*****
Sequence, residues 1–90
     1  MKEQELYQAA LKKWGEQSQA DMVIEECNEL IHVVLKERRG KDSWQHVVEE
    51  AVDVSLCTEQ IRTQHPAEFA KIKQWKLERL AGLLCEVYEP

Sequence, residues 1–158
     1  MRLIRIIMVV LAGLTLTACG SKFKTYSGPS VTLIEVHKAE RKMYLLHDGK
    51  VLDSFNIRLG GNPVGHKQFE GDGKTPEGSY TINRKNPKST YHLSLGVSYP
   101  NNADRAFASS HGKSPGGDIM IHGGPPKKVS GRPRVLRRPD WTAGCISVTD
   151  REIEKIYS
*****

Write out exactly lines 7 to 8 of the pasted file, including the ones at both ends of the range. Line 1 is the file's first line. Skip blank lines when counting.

   101  NNADRAFASS HGKSPGGDIM IHGGPPKKVS GRPRVLRRPD WTAGCISVTD
   151  REIEKIYS